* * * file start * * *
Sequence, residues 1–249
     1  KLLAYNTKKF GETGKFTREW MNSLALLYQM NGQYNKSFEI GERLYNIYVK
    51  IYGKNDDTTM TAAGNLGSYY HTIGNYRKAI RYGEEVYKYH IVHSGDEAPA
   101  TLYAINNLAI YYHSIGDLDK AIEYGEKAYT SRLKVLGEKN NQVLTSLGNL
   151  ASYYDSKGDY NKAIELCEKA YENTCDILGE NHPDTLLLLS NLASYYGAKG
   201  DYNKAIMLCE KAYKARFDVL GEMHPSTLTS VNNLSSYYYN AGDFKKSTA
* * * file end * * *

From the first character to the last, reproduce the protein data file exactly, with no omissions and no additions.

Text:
Sequence, residues 1–249
     1  KLLAYNTKKF GETGKFTREW MNSLALLYQM NGQYNKSFEI GERLYNIYVK
    51  IYGKNDDTTM TAAGNLGSYY HTIGNYRKAI RYGEEVYKYH IVHSGDEAPA
   101  TLYAINNLAI YYHSIGDLDK AIEYGEKAYT SRLKVLGEKN NQVLTSLGNL
   151  ASYYDSKGDY NKAIELCEKA YENTCDILGE NHPDTLLLLS NLASYYGAKG
   201  DYNKAIMLCE KAYKARFDVL GEMHPSTLTS VNNLSSYYYN AGDFKKSTA